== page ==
The remainder of the expression is arrived at by finding an arbitrary point on the line. To do so, consider that any point in space may be written as , since is a basis. We wish to find a point which is on both planes (i.e. on their intersection), so insert this equation into each of the equations of the planes to get two simultaneous equations which can be solved for and .
Given two intersecting planes described by and , the dihedral angle between them is defined to be the angle between their normal directions:
In addition to its familiar geometric structure, with isomorphisms that are isometries with respect to the usual inner product, the plane may be viewed at various other levels of abstraction. Each level of abstraction corresponds to a specific category.
At one extreme, all geometrical and metric concepts may be dropped to leave the topological plane, which may be thought of as an idealized homotopically trivial infinite rubber sheet, which retains a notion of proximity, but has no distances. The topological plane has a concept of a linear path, but no concept of a straight line. The topological plane, or its equivalent the open disc, is the basic topological neighborhood used to construct surfaces (or 2-manifolds) classified in low-dimensional topology. Isomorphisms of the topological plane are all continuous bijections. The topological plane is the natural context for the branch of graph theory that deals with planar graphs, and results such as the four color theorem.
The plane may also be viewed as an affine space, whose isomorphisms are combinations of translations and non-singular linear maps. From this viewpoint there are no distances, but collinearity and ratios of distances on any line are preserved.
Differential geometry views a plane as a 2-dimensional real manifold, a topological plane which is provided with a differential structure. Again in this case, there is no notion of distance, but there is now a concept of smoothness of maps, for example a differentiable or smooth path (depending on the type of differential structure applied). The isomorphisms in this case are bijections with the chosen degree of differentiability.
In the opposite direction of abstraction, we may apply a compatible field structure to the geometric plane, giving rise to the complex plane and the major area of complex analysis. The complex field has only two isomorphisms that leave the real line fixed, the identity and conjugation.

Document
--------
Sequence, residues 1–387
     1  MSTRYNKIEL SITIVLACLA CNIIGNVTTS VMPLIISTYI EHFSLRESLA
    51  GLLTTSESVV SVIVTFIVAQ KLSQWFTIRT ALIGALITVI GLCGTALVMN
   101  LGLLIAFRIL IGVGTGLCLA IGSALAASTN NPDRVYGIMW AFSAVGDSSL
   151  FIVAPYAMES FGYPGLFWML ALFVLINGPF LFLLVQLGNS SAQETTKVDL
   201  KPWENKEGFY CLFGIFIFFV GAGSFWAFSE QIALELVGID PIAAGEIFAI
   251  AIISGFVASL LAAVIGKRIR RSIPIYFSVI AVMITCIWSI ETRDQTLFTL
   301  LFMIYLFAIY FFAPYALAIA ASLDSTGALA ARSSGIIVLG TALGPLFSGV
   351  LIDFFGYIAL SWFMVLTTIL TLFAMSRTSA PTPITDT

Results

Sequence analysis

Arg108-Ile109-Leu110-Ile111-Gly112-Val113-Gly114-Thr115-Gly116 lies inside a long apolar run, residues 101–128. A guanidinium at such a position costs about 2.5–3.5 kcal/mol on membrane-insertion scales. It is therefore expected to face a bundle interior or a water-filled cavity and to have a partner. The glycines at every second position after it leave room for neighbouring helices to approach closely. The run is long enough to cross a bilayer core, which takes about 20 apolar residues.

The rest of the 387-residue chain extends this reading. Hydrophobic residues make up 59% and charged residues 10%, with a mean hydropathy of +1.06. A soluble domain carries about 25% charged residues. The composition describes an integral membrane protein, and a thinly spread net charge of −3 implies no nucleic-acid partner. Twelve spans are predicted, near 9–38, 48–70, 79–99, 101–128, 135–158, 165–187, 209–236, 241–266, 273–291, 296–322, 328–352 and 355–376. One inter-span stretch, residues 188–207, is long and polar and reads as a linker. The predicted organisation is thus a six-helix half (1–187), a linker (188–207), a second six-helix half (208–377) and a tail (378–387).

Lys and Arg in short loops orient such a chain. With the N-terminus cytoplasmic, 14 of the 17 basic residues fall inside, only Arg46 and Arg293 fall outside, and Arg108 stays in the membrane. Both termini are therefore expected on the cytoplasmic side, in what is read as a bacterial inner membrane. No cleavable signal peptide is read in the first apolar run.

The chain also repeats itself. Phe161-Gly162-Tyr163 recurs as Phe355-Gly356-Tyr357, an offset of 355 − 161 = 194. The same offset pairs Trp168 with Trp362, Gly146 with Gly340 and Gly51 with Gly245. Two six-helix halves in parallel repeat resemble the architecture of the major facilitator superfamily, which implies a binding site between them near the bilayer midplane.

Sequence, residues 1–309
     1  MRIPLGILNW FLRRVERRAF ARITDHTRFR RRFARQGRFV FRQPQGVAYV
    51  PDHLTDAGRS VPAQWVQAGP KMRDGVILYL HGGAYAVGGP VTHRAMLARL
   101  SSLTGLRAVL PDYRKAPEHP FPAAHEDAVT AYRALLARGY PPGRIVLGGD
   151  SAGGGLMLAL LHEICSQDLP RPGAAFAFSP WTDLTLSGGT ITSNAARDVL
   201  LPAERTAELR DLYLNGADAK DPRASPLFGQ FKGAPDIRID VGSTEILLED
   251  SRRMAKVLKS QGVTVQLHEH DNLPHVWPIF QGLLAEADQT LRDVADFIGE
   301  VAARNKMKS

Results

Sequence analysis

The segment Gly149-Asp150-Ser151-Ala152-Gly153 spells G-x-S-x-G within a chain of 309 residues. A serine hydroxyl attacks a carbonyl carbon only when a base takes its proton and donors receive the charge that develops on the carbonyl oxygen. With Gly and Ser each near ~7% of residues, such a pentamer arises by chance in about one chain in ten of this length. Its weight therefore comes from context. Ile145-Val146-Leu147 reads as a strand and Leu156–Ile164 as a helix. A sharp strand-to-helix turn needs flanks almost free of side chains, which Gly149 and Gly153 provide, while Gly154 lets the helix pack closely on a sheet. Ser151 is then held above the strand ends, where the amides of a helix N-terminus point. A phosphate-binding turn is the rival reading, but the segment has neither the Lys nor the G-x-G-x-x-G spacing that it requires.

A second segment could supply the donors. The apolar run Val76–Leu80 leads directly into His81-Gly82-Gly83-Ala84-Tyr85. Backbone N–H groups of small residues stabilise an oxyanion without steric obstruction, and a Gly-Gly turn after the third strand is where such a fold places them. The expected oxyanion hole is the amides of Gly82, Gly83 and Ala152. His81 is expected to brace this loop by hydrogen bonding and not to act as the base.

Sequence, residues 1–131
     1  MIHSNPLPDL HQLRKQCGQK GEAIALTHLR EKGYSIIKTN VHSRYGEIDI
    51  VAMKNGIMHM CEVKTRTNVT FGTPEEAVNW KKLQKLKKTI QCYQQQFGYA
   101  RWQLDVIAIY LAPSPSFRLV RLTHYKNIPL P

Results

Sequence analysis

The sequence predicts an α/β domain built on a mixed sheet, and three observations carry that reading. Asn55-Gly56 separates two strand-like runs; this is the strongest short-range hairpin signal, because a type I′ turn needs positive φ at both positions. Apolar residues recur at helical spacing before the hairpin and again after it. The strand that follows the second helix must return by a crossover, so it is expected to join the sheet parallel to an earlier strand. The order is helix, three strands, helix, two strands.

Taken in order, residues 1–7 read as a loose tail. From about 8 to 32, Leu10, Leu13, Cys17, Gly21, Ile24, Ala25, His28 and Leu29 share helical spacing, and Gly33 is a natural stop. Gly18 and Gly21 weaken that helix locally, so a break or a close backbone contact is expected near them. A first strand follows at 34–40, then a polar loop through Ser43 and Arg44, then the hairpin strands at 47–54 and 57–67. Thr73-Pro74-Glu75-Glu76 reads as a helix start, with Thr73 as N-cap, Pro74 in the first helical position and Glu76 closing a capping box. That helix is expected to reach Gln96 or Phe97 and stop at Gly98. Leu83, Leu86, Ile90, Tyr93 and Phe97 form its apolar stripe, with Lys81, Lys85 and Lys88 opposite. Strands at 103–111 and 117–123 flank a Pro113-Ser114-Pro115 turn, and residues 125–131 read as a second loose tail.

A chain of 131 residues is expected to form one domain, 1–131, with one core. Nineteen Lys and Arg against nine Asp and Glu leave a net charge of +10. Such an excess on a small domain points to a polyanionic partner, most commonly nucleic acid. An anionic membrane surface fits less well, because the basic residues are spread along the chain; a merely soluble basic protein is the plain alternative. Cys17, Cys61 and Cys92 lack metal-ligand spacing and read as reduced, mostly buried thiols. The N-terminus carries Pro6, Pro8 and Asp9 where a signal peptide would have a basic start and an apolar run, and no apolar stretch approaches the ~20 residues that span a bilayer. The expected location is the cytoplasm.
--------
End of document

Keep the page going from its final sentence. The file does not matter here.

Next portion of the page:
In the same way as in the real case, the plane may also be viewed as the simplest, one-dimensional (over the complex numbers) complex manifold, sometimes called the complex line. However, this viewpoint contrasts sharply with the case of the plane as a 2-dimensional real manifold. The isomorphisms are all conformal bijections of the complex plane, but the only possibilities are maps that correspond to the composition of a multiplication by a complex number and a translation.
In addition, the Euclidean geometry (which has zero curvature everywhere) is not the only geometry that the plane may have. The plane may be given a spherical geometry by using the stereographic projection. This can be thought of as placing a sphere on the plane (just like a ball on the floor), removing the top point, and projecting the sphere onto the plane from this point). This is one of the projections that may be used in making a flat map of part of the Earth's surface. The resulting geometry has constant positive curvature.
Alternatively, the plane can also be given a metric which gives it constant negative curvature giving the hyperbolic plane. The latter possibility finds an application in the theory of special relativity in the simplified case where there are two spatial dimensions and one time dimension. (The hyperbolic plane is a timelike hypersurface in three-dimensional Minkowski space.)
The one-point compactification of the plane is homeomorphic to a sphere (see stereographic projection); the open disk is homeomorphic to a sphere with the "north pole" missing; adding that point completes the (compact) sphere. The result of this compactification is a manifold referred to as the Riemann sphere or the complex projective line. The projection from the Euclidean plane to a sphere without a point is a diffeomorphism and even a conformal map.
- Line-plane intersection
- Plane of rotation
- Point on plane closest to origin
- Projective plane
- Eves 1963, pg. 19
- Joyce, D. E. (1996), Euclid's Elements, Book I, Definition 7, Clark University, retrieved 8 August 2009
- Weisstein, Eric W. (2009), "Plane", MathWorld--A Wolfram Web Resource, retrieved 2009-08-08
- Dawkins, Paul, "Equations of Planes", Calculus III
- Plane-Plane Intersection - from Wolfram MathWorld. Mathworld.wolfram.com. Retrieved on 2013-08-20.
- Eves, Howard (1963), A Survey of Geometry I, Boston: Allyn and Bacon, Inc.
- Weisstein, Eric W., "Plane", MathWorld.
- "Easing the Difficulty of Arithmetic and Planar Geometry" is an Arabic manuscript, from the 15th century, that serves as a tutorial about plane geometry and arithmetic